Jesus’ words about hospitality in today’s gospel from Luke speak directly to this issue. As I reminded us a couple of weeks ago, Luke was addressing people like many of us here, privileged, cosmopolitan, educated, multi-lingual citizens of a world empire, just the kind of people who might be invited to a big wedding or host a lovely dinner party. Jesus says,

When you are invited by any one to a marriage feast, do not sit down in a place of honour, lest a more eminent man than you be invited by him; and he who invited you both will come and say to you, ‘Give place to this man,’ and then you will begin with shame to take the lowest place. But when you are invited, go and sit in the lowest place, so that when your host comes he may say to you, ‘Friend, go up higher’; then you will be honoured in the presence of all who sit at table with you.

It’s a seemingly simple lesson, we must not assume we are the most important person in the room, don’t assume that we deserve some special honour, or are entitled to special treatment. Jesus puts it this way, “For every one who exalts himself will be humbled, and he who humbles himself will be exalted.”

But even more dramatically, in Luke’s text, Jesus reminds his privileged readers that it isn’t simply enough to be personally aware and responsible for keeping our pride in check, but that we are to remember that real change means including those in our communities on the margins and placing them at the centre:

When you give a dinner or a banquet, do not invite your friends or your brothers or your kinsmen or rich neighbours, lest they also invite you in return, and you be repaid. But when you give a feast, invite the poor, the maimed, the lame, the blind, and you will be blessed, because they cannot repay you. You will be repaid at the resurrection of the just.

The reversal of priorities remains an important theme for Luke as he speaks to the proud and the powerful. The themes he begins in the Magnificat and articulated by the marginal figure of Mary herself, continue to circle back and we can not escape their meaning. We as followers of Jesus and members of an institutional Church need to constantly beware the sin of pride, beware the sin of thinking we know better, that we know what is good for those little people. Rather we must include those on the margins in the discourse and listen carefully to those perspectives and voices that have been silenced for too long, and make changes to how we do business.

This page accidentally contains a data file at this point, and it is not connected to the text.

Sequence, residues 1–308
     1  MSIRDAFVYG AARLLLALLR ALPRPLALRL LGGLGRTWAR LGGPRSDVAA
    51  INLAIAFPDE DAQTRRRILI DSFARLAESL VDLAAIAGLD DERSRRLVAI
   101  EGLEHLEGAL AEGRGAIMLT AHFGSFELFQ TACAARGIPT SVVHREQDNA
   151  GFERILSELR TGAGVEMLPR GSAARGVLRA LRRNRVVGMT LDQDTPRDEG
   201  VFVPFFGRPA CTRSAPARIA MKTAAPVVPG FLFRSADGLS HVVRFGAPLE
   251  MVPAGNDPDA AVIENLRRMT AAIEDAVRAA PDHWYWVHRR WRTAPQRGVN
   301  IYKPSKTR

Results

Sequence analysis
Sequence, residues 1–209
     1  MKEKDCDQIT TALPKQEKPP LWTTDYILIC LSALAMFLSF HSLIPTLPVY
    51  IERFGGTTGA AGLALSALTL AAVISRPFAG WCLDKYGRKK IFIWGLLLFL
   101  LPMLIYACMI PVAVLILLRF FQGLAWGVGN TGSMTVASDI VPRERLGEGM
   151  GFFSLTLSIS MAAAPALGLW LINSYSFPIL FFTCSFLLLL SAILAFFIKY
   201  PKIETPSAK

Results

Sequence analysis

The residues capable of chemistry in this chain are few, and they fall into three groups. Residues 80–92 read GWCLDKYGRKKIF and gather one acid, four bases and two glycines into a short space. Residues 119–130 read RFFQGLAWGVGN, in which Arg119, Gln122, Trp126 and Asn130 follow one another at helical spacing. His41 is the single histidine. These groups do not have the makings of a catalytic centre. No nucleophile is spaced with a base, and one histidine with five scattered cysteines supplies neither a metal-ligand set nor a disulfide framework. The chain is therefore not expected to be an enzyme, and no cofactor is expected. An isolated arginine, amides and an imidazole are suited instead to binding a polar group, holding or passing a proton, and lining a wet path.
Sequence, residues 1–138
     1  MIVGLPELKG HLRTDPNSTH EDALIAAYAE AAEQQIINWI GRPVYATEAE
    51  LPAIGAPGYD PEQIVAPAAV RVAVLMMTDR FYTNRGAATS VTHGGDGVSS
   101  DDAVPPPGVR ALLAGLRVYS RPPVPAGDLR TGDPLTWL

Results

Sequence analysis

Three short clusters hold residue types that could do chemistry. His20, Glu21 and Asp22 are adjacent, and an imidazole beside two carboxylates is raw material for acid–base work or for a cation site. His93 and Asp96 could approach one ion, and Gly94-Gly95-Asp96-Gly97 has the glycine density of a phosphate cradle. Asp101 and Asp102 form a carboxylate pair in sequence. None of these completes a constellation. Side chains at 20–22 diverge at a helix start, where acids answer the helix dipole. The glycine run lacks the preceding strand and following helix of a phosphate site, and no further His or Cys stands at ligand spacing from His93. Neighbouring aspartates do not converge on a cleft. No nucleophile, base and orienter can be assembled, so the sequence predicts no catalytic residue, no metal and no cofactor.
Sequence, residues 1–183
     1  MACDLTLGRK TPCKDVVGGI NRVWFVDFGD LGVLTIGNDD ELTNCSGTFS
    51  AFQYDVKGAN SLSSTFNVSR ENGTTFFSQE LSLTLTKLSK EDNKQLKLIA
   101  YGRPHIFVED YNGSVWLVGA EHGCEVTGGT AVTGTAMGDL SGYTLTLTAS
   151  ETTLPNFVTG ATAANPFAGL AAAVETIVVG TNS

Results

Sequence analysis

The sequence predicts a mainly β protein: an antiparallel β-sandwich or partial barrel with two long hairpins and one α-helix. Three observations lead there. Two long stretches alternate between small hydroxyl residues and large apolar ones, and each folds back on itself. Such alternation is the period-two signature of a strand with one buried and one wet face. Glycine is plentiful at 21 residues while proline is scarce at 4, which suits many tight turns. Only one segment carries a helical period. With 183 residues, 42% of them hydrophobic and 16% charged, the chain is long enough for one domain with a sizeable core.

Today’s reading from the letter to the Hebrews sums up our duty, to let Love continue, to welcome the strangers into our midst, to remember the poor and those in prison, and to remember the examples of those who have preached this message before and “consider the outcome of their life, and imitate their faith.” This means a willingness to put ourselves at risk, the kind of risk that might lose us power, position, and friends. The Christian life is not a life of ease at the centre of the establishment, it isn’t a place to have arrived, as many (and perhaps even I at one point in my life) have seen the Episcopal Church. It is a place where we risk everything for the sake of the victory of Love over death and participate in something much larger than ourselves, cooperating with God in the project to reverse the ascendence of pride that grips our world and that masks the values of what really matters.

Andrew C. Blume✠
New York City
Thomas Gallaudet and Henry Winter Style, 27 August 2016

 

© 2016 Andrew Charles Blume